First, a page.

The federal government recommends demolishing over 200 buildings at the site of a former Cold War-era uranium plant in southern Ohio.
House Lawmakers Vote On Great Lakes Compact Compromise
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Lawmakers could vote tomorrow on legislation enacting a multi-state agreement that safeguards the Great Lakes from massive withdrawals of water. This is a compromise to keep the Governor from vetoing it again, but that doesnâ€™t mean everyoneâ€™s OK with it.
Lawmakers on the House Agriculture committee voted strictly along party lines to approve the deal that would put into effect in Ohio the Great Lakes Compact, an agreement signed in 2005 by eight states and two Canadian provinces seeks to protect the Great Lakes from massive withdrawals of water. This is the second time around for the Great Lakes Compact legislation â€“ last yearâ€™s try earned lawmakers the one and only veto that Gov. John Kasich has issued.
There have been some changes to the bill, but most supporters who liked it before still do.
Larry Antosh from the Ohio Farm Bureau said the bill accomplishes the objectives of the Compact and promotes stewardship of Ohioâ€™s water resources.
â€œEnsuring a safe, sustainable supply of water to meet the needs of todayâ€™s and future generations, protects existing private property rights associated with surface and ground water, and promotes economic development and job creation by recognizing that abundant fresh water is a highly desirable commodity,” Antosh said.
The bill cuts in half the amount of water that can be taken from Lake Erie 2.5 million gallons without a permit. But most environmental activists say the Ohio proposal doesnâ€™t do enough to safeguard the tributaries and streams that run into Lake Erie.
And some are very concerned about provisions allowing for withdrawals to be capped but averaged not daily, but over as long as 90 days. Sam Speck was the director of the Ohio Department of Natural Resources for eight years under Republican Gov. Bob Taft.
â€œOver 90 days is a total of nine million gallons you could take, and the way itâ€™s currently written, you could do all that in one day. And of course thatâ€™s a way in which you could destroy a stream or the fishery in that stream,â€ Speck said.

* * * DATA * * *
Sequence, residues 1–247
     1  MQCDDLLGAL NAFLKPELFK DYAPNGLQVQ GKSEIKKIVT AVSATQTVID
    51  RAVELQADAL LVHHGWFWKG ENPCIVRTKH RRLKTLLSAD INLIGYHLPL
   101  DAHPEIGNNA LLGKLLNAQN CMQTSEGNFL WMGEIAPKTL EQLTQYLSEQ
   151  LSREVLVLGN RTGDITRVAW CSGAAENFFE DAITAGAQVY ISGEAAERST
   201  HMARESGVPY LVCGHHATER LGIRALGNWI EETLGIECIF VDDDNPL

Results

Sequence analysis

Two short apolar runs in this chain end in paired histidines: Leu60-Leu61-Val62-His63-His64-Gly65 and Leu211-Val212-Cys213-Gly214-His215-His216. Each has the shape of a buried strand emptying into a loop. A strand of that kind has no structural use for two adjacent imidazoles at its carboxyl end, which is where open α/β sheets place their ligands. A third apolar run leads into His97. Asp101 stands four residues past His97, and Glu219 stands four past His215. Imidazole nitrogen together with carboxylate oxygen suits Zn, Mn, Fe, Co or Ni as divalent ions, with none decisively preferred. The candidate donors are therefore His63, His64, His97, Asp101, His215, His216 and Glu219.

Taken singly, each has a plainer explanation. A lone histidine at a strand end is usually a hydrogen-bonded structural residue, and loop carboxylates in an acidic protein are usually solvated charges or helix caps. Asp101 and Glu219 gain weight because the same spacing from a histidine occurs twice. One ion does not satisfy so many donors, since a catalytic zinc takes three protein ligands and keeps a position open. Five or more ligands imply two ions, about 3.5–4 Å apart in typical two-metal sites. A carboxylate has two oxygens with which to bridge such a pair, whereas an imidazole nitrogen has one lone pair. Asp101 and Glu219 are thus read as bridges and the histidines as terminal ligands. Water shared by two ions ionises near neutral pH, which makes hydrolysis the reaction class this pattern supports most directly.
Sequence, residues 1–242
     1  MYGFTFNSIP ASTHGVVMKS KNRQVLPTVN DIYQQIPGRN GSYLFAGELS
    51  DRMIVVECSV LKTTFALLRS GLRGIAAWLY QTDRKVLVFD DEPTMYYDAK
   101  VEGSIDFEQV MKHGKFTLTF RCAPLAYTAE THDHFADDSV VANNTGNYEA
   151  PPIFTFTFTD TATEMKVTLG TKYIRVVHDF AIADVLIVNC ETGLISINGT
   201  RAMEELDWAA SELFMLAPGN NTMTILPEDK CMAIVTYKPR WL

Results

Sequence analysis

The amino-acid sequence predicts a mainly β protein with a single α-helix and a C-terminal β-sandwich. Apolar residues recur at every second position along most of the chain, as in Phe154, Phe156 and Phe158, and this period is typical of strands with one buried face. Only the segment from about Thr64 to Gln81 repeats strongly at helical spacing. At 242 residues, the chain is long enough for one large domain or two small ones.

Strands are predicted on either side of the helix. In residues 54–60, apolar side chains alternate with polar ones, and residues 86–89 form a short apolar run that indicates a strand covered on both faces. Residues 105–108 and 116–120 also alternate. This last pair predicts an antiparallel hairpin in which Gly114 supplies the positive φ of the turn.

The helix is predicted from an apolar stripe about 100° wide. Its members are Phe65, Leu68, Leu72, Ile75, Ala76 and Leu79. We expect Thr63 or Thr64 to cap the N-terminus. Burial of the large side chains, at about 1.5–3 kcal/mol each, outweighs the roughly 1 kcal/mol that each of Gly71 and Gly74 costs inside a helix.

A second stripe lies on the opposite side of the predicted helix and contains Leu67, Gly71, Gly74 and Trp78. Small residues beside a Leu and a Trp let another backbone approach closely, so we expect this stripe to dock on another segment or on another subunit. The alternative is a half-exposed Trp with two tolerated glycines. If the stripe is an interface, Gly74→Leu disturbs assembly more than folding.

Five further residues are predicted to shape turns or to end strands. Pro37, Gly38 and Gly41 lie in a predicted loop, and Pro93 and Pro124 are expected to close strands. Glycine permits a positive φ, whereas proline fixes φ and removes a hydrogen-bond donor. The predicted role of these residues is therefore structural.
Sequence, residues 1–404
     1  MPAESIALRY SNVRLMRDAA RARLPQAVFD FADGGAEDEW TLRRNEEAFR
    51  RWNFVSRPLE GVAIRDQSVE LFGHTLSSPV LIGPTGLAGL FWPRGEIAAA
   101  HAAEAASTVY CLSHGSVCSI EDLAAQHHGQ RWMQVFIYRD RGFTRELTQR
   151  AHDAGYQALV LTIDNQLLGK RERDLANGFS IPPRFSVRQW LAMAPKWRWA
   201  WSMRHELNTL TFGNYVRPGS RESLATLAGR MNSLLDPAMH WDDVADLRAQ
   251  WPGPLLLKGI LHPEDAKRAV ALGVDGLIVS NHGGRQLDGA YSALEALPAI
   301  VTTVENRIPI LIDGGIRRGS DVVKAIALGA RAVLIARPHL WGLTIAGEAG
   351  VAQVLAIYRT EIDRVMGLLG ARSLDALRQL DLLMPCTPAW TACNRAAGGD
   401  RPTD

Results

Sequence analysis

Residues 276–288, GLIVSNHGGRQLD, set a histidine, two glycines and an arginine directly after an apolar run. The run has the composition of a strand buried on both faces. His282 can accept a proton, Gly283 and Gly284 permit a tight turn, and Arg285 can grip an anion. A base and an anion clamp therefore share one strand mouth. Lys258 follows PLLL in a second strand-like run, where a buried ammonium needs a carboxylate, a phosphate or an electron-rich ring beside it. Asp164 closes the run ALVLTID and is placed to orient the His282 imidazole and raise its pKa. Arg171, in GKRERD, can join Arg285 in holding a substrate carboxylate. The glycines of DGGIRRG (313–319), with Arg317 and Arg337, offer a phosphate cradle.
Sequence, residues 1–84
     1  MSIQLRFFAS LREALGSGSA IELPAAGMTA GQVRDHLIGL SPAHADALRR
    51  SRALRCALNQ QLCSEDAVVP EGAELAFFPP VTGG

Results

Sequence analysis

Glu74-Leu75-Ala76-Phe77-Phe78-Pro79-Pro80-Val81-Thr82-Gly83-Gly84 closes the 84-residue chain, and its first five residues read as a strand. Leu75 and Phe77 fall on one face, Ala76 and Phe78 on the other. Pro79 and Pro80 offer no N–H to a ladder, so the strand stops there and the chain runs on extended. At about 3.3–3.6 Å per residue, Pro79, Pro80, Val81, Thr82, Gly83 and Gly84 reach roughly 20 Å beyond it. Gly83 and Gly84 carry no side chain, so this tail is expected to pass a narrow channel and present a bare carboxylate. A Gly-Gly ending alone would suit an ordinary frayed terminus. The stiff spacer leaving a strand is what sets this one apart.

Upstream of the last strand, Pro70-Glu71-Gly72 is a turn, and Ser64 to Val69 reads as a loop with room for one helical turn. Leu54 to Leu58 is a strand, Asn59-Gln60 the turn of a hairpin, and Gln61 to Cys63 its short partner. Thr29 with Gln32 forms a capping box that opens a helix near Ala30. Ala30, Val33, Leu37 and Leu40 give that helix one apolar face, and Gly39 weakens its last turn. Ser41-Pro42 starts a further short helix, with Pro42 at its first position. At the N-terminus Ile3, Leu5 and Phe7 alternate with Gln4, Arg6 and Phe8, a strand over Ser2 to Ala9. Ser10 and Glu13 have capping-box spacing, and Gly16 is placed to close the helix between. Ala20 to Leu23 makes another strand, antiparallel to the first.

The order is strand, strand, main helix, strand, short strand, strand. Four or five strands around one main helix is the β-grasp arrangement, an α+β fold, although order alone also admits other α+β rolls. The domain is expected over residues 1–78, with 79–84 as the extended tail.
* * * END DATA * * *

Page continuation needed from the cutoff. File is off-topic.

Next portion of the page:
Thatâ€™s never happened before and is extremely unlikely, says the Republican lawmaker who worked with Gov. Kasich on this compromise – Rep. Lynn Wachtmann of northwest Ohio.
â€œThe fact is that in Ohioâ€™s history, weâ€™ve never had a single problem with that. And up until now, there has been no regulation in Ohio except for reporting withdrawal. So the lies being told by some of the environmental groups that weâ€™re repealing safeguards in place is simply that â€“ a lie,â€ Wachtmann said.
But Jack Shaner with the Ohio Environmental Council says just because itâ€™s never happened before doesnâ€™t mean it couldnâ€™t now, for one big reason â€“ fracking.
â€œWell, look out, youâ€™re going to see that now with the oil and gas industry. You know, weâ€™ve never seen these kinds of withdrawals concentrated â€“ and these are in parts of the state with very low water resources to begin with, over there in eastern Ohio,â€ Shaner said.
But Ag committee chair David Hall of Millersburg in northern Ohio â€“ near where some fracking activity has been going on â€“ says heâ€™s not worried about drillers pulling millions of gallons of water from vulnerable streams.
â€œTheyâ€™re working with a lot of cities right now â€“ the potential of using city water and using the untreated water first. So I donâ€™t see that being an addressed issue that we need to look at.â€
Environmental activists are also very concerned about a provision of the bill that limits who can challenge the state over permits. The bill allows only water users who can prove an economic or property injury related to a withdrawal to appeal permits â€“ not those who use the water for recreation or other activities. Former ODNR director Speck says he thinks if the bill passes, that will end up in court.